Phuket Art Village

What we say: 3.5 stars

Phuket Art Village is a creative community tucked away down a small lane in Nai Harn at the southern end of Phuket. Home to a diverse and growing collection of home studios and galleries, the village was built from the ground up by the artists themselves.

Love Art Studio - the home, gallery and studio of artist Pui Ngowsiri.

Love Art Studio, the home, gallery and studio of artist Pui Ngowsiri.

The village is set on a small plot of land on Soi Naya 2 off Saiyuan Road, not far from DaVinci restaurant about two kilometres from Nai Harn beach. A large banyan tree shades a central courtyard, while the artists’ studios are set around the perimeter. The galleries are all open all day and visitors are welcome. There are usually at least one or two artists around to greet you, though you may need to wander around for a bit before you find them. Overall, the atmosphere is relaxed and welcoming.

The village artists, currently all Thai, work in a range of mediums, mostly contemporary works of art. There’s plenty of whimsy among the dozens of paintings on display, especially at the Red Room gallery by artist Somrak Maneemai, with his two-headed dogs and palm-tree adorned zombie-eyed cats.

Animals as seen through the eyes of artist Somrak Maneemai.

Animals as seen through the eyes of artist Somrak Maneemai.

Founder Pui Ngowsiri, who lives and works in the Love Art Studio, says the village started up three years ago and has constantly evolved. Various artists drift in and out, and currently there are four active studios and a new gallery under construction in the centre of the village. Khun Pui’s studio was created from recycled wooden planks that took years to gather. Art infuses all aspects of life in the village: like the other studios here the walls of Love Art Studio tell as much of a story as the art that hangs on them.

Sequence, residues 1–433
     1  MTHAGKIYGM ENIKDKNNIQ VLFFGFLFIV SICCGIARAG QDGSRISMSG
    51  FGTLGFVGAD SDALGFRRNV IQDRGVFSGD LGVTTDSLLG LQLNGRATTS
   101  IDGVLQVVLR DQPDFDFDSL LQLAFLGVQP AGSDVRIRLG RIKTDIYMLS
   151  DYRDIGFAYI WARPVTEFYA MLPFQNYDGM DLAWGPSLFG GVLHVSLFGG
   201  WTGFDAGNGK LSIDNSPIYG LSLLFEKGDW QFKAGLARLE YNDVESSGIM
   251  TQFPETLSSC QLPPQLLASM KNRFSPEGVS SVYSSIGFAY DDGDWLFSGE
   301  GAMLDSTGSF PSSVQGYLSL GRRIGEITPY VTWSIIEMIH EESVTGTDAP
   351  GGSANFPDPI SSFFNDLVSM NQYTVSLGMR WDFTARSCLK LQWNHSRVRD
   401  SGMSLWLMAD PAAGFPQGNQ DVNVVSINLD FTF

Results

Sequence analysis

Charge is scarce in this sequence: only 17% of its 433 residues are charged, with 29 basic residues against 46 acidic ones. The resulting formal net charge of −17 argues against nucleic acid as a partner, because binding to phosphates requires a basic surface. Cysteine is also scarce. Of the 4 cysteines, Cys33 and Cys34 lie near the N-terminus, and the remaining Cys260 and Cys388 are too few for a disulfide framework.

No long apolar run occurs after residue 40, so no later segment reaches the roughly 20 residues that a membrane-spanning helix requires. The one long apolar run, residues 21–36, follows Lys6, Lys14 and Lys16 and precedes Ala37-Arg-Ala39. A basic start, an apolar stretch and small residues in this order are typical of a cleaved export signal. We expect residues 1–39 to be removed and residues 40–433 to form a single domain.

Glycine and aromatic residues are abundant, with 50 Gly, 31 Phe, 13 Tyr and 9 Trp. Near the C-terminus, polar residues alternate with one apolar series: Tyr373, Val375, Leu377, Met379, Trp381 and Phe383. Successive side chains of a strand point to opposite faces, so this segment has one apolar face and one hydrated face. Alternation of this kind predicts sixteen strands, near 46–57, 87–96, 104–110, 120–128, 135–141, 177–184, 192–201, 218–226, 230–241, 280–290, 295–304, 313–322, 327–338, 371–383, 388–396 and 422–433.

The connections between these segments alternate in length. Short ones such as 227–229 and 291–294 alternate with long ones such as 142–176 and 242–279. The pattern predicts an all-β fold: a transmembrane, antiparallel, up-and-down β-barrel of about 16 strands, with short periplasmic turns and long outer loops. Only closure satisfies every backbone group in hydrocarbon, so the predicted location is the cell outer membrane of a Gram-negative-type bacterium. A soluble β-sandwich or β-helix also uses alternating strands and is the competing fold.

Phuket Art Village founder Khun Pui in his studio.

Phuket Art Village founder Khun Pui in his studio.

Next door is the studio of artist and puppeteer Apinan Sarochwong, whose place has a gallery showcasing his paintings on the ground floor, plus an open loft space upstairs where he performs his Thai shadow puppet shows behind a large screen that’s draped across the exterior.

Shadow puppet theatre has been a highlight of the monthly parties.

Shadow puppet theatre has been a highlight of the monthly parties.

Once the new gallery is complete, Khun Pui said there will be more exhibitions, starting with an Art Asean Workshop on June 8 and 9, 2013 with artists from around Southeast Asia and Korea set to join in.

Up until recently the Phuket Art Village was hosting monthly parties that brought out a big bohemian crowd enjoying the drum circles, kid’s art sessions, live local folk music, fire shows and shadow puppet theatre. There are plans to start these up again soon, which will be announced on the art village’s Facebook page. Some of the artists also run classes and workshops on request.

Drummers welcome. A Phuket party with few pretensions.

Drummers welcome. A Phuket party with few pretensions.

Even if you’re not planning to buy an original work of art, it’s worth stopping by the village for a peek into an alternative way of life, where creativity is given free rein to thrive. On an island that’s seeing more globally-branded blandness arriving to its shores, the Phuket Art Village serves as a refreshing and colourful antidote.

More details
28/68 Soi Naya 2, Rawai, Phuket
https://www.facebook.com/pages/Phuket-Art-Village/320158668080202
Last updated: 21st September, 2014

About the author:
Lana Willocks is a freelance writer from Canada based in Phuket. Her love affair with Thailand (and, ok, a Thai man) began on a university exchange programme in Bangkok, then she returned to Phuket on the auspicious date of 9-9-1999 and never left.
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